Never share account information. This includes account numbers, social security numbers, PINs, and your internet banking login credentials. Do not provide personal information over the phone unless you initiate the contact and verify the source is trusted.

Safely dispose of sensitive information. Shred any papers that include personal or financial information.

Lock your credit. Locking your credit helps prevent unauthorized access to your credit reports. You simply unlock your account to authorize a background check for a a loan application, then lock it again after. To be fully protected, you must lock with each of the three credit reporting agencies.
   This used to be free at Experian, Equifax, and TransUnion, but at least one service now charges for this service. Nevertheless, it’s still worth the effort to protect yourself or a vulnerable loved one.

Secure your mail. Place outgoing mail in a post office collection box. If you plan on being out of town for more than a couple of days, have the US Post Office hold your mail.

Review account statements. Regularly review statements and report any suspicious activity immediately.

Do not answer calls from unknown numbers. If it’s important, they’ll leave a message. If they claim to be from a legitimate business, look up the phone number on your own to call them back — do not use the number in the voicemail.

Block unwanted calls and text messages. Utilize apps or services to block spam calls and text messages. Many landline phone services also have options to block spam calls.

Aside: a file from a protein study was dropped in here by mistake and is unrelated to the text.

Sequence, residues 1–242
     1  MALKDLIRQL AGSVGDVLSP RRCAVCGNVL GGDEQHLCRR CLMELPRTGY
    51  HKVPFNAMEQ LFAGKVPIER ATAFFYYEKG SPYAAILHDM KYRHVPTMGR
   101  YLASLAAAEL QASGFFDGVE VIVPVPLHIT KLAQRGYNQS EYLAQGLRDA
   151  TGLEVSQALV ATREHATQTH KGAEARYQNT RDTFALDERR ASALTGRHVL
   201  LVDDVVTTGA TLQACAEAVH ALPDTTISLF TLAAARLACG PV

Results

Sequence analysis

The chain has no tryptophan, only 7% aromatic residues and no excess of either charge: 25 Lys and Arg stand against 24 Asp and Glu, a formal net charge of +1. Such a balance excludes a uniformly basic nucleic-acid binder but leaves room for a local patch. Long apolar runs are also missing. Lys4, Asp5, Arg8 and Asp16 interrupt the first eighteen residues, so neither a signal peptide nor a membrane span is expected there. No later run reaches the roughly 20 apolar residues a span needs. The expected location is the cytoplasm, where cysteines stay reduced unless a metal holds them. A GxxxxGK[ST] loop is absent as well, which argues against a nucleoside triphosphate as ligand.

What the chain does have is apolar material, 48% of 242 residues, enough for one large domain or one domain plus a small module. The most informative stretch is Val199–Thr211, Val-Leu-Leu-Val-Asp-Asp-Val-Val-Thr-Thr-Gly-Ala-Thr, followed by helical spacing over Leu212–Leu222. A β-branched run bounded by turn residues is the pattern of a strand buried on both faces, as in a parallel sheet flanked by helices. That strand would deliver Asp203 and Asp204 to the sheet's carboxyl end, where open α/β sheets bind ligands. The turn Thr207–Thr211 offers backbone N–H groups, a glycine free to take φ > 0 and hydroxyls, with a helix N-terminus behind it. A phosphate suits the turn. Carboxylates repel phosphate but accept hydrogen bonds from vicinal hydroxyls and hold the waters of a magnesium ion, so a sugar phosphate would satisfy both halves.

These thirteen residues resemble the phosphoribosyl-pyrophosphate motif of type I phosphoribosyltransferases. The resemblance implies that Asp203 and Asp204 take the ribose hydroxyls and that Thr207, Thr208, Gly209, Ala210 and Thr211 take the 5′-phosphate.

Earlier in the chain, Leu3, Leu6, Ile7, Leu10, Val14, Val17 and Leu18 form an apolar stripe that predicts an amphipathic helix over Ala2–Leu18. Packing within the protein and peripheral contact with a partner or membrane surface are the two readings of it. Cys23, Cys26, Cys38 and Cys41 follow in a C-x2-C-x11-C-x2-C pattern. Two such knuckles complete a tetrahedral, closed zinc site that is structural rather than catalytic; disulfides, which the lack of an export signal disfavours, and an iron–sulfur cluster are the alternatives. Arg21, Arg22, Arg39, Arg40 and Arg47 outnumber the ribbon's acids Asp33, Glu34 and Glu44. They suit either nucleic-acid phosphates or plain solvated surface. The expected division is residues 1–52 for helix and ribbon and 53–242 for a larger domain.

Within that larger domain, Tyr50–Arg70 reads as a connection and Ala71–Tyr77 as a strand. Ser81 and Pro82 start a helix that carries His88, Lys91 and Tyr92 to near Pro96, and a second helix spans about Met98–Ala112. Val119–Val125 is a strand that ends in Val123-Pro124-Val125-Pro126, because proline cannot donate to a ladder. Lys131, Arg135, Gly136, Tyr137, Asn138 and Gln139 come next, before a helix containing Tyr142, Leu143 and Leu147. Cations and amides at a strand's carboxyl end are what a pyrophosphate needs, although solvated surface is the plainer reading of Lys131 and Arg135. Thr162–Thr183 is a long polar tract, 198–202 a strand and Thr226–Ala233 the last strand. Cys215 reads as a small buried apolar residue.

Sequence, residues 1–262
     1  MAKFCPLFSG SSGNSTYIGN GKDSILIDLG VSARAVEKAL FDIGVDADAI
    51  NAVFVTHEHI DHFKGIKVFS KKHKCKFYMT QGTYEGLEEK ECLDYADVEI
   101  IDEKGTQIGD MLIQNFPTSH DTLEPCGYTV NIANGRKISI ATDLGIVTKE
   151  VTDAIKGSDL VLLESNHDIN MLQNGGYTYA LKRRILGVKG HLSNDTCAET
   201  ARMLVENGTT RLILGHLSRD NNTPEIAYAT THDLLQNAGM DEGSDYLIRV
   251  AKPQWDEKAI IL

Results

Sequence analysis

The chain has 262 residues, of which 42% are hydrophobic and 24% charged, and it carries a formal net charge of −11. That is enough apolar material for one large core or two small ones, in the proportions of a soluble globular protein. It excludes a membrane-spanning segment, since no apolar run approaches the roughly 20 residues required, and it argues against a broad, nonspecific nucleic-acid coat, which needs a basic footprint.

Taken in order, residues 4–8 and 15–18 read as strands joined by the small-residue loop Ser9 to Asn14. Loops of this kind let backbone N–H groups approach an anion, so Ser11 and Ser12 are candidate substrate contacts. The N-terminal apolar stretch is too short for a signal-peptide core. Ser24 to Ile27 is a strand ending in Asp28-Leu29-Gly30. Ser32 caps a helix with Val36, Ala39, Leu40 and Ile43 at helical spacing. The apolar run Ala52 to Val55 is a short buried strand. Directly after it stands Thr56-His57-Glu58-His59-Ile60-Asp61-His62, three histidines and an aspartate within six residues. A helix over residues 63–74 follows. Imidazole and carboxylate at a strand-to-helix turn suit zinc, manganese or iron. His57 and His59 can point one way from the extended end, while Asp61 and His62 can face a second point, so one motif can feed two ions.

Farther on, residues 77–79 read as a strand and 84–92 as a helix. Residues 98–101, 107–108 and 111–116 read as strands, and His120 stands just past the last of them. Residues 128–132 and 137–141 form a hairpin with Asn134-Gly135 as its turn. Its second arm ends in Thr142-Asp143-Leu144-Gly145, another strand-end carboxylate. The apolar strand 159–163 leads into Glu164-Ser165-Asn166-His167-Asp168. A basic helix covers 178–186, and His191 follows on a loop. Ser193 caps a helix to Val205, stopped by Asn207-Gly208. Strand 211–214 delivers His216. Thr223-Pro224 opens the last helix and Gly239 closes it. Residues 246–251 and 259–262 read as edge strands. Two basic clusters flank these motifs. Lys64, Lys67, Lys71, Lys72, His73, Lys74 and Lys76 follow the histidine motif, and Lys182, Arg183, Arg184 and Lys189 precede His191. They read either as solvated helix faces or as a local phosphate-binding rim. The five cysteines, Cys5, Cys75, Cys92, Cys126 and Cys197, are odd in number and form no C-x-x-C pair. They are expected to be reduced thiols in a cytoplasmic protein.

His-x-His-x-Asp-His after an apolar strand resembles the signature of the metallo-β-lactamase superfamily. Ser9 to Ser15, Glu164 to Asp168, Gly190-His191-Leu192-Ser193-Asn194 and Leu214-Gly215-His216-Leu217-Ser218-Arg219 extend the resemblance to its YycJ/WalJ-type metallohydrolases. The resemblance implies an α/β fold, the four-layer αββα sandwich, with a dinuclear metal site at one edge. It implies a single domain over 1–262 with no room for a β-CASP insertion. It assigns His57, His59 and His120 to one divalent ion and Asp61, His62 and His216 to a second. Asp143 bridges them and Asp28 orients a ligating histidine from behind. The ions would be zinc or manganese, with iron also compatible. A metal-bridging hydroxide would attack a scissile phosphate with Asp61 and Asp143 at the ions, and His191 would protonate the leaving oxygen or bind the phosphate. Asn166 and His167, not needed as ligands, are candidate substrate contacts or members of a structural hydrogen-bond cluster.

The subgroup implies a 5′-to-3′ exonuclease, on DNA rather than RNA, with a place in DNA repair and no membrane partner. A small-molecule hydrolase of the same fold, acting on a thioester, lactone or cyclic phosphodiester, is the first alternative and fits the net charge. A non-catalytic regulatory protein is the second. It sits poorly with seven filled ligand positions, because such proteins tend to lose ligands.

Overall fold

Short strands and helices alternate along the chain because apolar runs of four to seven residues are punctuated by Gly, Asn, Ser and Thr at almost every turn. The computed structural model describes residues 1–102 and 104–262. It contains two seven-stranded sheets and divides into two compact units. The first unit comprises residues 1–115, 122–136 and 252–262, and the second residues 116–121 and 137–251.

Use good spam filters on your email. Talk to your email provider about ways to block spam and phishing attacks in your email folder. You can usually change these settings to tighten security as needed.

Keep your computer clean. Install reputable antivirus software on your computer.

Use a buddy system. Set up an arrangement with someone you trust — a friend, family member, or neighbor. Before taking any action, tell your buddy what happened. Talking about it could help you realize it’s a scam.

Red Wing Credit Union Security Tools

  • RWCU Mobile Card Secure. The RWCU Mobile Banking app allows you to freeze / unfreeze your VISA card, or cancel it yourself. You can also check for unauthorized transactions here. Download the App

  • Text alerts from RWCU. If you have a mobile phone on record at RWCU, you will receive text alerts from us for suspicious transactions on your debit and credit cards. These text messages will come from the short code 37268.
  • eStatements and Bill Pay. Get your statements and pay bills online instead of sending financial information through the mail.
  • Digital Banking Services. Use our online services to check your accounts for suspicious transactions.

If the Worst Happens…

If you responded to a scam message and provided confidential account information, please notify Red Wing Credit Union immediately of the scheme. You should also change your account’s PIN, and take any additional action recommended by our staff to protect your account.

Contact the major credit reporting agencies to review your file. You can lock your credit with each of the major credit bureaus, and get a free credit report annually. The three major credit bureaus are:
   Equifax: 1-800-685-1111
   Experian: 1-888-397-3742
   Trans Union: 1-800-888-4213

To learn what else you can do and how to report these types of crimes, visit the Federal Trade Commission’s consumer website.